Believing

“Do not believe in anything simply because you have heard it. Do not believe in anything simply because it is spoken and rumored by many. Do not believe in anything simply because it is found written in your religious books. Do not believe in anything merely on the authority of your teachers and elders. Do not believe in traditions because they have been handed down for many generations. But after observation and analysis, when you find that anything agrees with reason and is conducive to the good and benefit of one and all, then accept it and live up to it.”

– :Buddha

One does not need to believe anything, but one can consider everything.

It is important to balance the intake of “brain food” just as one does in
nourishing ones body with nutrients contained in whole foods.

If all ones information is from the mainstream media then one will be
subjected to misinformation and subliminal programming.

As there are only a few hours a day when one has time to get informed it is important to choose quality sources for information.

Sadly the mainstream media by their own admission is PR.

It is to a large part the information one consumes that forms ones perception of reality. One can choose to live in a reality based on lies and deceit or one can choose to live in a reality based on evidence that it is peer reviewed and where there is a meeting of minds.

Stop believing and start thinking and considering all relevant information.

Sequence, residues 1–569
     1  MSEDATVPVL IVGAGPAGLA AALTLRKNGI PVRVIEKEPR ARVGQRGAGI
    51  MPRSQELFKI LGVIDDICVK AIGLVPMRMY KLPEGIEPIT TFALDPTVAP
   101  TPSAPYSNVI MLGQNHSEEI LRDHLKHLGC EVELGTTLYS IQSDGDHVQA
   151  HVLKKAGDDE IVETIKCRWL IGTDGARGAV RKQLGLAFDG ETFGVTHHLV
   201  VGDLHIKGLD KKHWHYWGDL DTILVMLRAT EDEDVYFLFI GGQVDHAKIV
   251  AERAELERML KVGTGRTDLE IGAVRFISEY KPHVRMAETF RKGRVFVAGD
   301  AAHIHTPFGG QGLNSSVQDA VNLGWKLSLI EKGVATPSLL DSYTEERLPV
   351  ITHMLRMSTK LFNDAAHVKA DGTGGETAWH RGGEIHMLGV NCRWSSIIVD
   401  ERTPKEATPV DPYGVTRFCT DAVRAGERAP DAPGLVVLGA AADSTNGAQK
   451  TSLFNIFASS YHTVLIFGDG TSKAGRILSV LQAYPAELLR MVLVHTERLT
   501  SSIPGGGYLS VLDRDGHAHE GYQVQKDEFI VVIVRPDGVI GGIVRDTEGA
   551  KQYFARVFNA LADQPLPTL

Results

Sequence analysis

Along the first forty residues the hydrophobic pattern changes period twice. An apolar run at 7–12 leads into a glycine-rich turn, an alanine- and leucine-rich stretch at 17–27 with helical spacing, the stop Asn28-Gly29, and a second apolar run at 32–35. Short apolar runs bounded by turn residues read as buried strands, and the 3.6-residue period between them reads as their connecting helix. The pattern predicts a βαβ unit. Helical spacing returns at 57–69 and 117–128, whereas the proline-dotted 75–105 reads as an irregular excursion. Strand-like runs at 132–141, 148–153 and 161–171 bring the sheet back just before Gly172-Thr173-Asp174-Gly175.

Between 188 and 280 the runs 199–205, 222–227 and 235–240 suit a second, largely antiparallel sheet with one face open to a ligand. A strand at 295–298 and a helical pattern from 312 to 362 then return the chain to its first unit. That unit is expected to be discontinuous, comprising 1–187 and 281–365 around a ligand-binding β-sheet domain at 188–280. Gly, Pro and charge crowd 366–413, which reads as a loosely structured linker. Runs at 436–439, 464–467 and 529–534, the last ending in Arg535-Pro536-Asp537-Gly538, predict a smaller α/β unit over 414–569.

Avoid corporate media.

If you don’t read the newspaper, you’re un-informed. If you do read the newspaper, you’re mis-informed. – Mark Twain

Keats

Men are normally dogmatic in their judgements. But Keats rejects dogmatism as an obstacle to the proper development of the mind. “The only means of strengthening one’s intellect,” he asserts, “is to make up one’s mind about nothing — to let the mind be a thoroughfare for all thoughts.” “Stubborn arguers,” he maintains, are all of “the same brood. They never begin a subject they have not pre-resolved on. They want to hammer their nail into you and if you turn the point, still they think you wrong.” [17] According to Keats, the genuine truth seeker is a man “capable of being in uncertainties. Mysteries, doubts, without any irritable reaching after fact & reason.” He defines such a human quality as “Negative Capability.” [18] This quality also involves the loss of self-identity and the submitting of oneself to things